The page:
• Catholic response: To be fair, mediation and intercession are not identical. It may be possible that the dead pray for us (interceding), but that aren't mediators. Christian counter: Jesus intercedes for us at the right hand of God (where he is seated). Yet that is not where the dead are; in Sheol/Hades (the underworld) they await the day of judgment.
  • To whom was the "ransom" of verse 5 paid? Most Christians say the ransom was paid by God to God. But this theology dates back less than 1000 years. The early Christians understood the ransom as being paid to the devil himself.
  • Men are to lift holy hands in prayer.
    • It's hardly holy when hands raised in praise of God are made into threatening fists. See Isaiah 58:4.
    • The passage can be emphasized in three ways, depending on how one understands form and function:
      • Lift holy hands... That is, the important thing is to raise one's hands when praying. This is commonly depicted in early Christian art.
      • Lift holy hands... That is, understanding the truth of 1 John 4:20, we dare not approach God when our relationships to others are out of line.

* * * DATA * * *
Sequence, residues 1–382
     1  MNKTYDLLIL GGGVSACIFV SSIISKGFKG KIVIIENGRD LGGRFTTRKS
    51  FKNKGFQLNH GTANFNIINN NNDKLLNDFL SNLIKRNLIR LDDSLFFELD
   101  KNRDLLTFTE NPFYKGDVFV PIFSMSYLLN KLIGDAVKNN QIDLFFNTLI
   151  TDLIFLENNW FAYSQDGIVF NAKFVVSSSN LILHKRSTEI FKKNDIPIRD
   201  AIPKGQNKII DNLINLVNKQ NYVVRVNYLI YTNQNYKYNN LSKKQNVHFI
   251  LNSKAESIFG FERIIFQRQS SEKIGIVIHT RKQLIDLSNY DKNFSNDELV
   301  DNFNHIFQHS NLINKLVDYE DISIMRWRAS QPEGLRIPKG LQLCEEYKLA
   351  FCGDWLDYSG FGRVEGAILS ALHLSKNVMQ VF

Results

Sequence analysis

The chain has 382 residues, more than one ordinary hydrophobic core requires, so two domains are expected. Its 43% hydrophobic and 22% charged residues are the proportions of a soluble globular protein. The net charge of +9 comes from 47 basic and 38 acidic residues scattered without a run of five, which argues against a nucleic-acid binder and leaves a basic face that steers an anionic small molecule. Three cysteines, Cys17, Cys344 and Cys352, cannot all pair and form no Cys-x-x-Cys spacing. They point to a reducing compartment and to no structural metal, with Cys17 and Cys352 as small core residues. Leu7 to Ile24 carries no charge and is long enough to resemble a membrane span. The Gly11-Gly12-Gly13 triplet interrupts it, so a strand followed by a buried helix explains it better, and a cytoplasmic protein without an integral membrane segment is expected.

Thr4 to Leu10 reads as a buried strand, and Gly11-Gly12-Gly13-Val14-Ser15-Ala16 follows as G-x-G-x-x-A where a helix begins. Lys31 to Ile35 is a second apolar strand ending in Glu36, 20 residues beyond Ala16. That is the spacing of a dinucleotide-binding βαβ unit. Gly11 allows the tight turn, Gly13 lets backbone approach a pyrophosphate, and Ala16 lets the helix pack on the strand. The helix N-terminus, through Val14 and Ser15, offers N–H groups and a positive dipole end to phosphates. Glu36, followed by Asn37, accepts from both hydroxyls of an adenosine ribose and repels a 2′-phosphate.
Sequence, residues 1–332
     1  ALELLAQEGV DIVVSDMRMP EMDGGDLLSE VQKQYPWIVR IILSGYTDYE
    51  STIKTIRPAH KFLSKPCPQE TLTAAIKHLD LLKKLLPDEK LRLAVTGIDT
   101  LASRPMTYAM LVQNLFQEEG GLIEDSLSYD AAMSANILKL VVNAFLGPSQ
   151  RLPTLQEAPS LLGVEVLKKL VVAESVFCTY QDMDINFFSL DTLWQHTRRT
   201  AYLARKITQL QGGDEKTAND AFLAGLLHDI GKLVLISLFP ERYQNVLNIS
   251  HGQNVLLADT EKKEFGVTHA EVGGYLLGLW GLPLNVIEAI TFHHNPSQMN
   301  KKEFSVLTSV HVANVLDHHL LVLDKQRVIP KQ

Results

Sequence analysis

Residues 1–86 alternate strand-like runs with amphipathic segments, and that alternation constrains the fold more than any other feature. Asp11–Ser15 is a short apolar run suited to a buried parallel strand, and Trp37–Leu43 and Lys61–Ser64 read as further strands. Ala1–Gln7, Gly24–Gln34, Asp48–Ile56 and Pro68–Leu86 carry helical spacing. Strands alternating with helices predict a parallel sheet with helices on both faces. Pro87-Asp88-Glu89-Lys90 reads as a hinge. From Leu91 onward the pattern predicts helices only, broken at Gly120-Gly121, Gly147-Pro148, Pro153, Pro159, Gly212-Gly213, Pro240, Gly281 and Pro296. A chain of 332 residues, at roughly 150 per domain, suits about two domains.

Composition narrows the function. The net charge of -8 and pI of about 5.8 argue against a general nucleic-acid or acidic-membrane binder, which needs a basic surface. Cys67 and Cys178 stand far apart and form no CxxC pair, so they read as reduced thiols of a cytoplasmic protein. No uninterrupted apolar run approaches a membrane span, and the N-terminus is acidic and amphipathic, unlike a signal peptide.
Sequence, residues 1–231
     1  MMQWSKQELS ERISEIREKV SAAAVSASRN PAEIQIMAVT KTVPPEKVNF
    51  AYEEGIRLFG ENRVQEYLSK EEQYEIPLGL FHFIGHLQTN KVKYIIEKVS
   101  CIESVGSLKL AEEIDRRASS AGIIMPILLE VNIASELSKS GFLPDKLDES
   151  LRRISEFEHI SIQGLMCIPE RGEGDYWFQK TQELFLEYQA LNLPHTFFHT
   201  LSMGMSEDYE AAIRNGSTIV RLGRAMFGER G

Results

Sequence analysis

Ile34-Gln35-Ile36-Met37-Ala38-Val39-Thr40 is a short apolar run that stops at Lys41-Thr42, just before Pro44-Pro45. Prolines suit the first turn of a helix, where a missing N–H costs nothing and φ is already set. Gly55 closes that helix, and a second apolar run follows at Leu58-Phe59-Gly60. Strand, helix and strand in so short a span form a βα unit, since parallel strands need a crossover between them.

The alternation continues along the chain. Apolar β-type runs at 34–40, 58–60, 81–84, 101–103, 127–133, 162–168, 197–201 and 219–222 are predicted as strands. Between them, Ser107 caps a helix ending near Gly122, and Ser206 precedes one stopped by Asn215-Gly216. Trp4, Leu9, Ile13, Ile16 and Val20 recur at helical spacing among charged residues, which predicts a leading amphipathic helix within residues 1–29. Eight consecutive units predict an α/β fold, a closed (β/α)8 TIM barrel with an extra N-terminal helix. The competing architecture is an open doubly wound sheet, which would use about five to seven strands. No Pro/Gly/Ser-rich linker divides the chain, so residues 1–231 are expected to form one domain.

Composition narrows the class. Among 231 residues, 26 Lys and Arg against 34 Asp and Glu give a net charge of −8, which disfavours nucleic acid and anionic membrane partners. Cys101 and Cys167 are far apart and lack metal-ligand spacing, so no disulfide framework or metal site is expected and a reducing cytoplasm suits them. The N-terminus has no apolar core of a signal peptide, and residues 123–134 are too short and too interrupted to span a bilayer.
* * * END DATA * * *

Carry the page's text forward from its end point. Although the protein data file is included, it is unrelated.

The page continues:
• Lift hands that are holy... That is, we must raise our arms when we pray, and we must be right with our fellow man.
    • Of course this doesn't mean women need not be holy in their prayers -- any more than it means men need not be modest (v.9)!
    • For more on "Lifting Holy Hands, Shoutin' and Dancin'," click here.
  • Modest dress is (at least partially) culturally conditioned. And yet some things are immodest whatever the culture. In our dress, manner, and speech, Christians ought to be conservative -- not following the worldly crowd, and certainly not in the vanguard of the avante garde! For more, read William Law's A Serious Call to a Devout and Holy Life.
  • Interestingly, Paul's position in verse 11 shows that he is not just "a man of his time." In Ephesus, women were accustomed to taking the lead in worship, particularly in the cult of Artemis (the "queen bee" -- Acts 19), where the men ("drones") served as assistants, working beneath the female ministers "the honeybees."
  • For a full study of the three pastoral epistles, including the religious background of Ephesus and the unusual teaching of the Gnostics, click here.

Thought questions:

  • Do I disrespect authorities, including political leaders (negative comments, slander, gossip, mockery), or do I support them through prayer?
  • Am I modest, or do I justify worldly actions, speech, and dress by a false appeal to 1 Corinthians 9:22 (becoming all things to all men)?
  • Do I look down on motherhood, or discourage others from pursuing family life, as did the ancient Gnostics?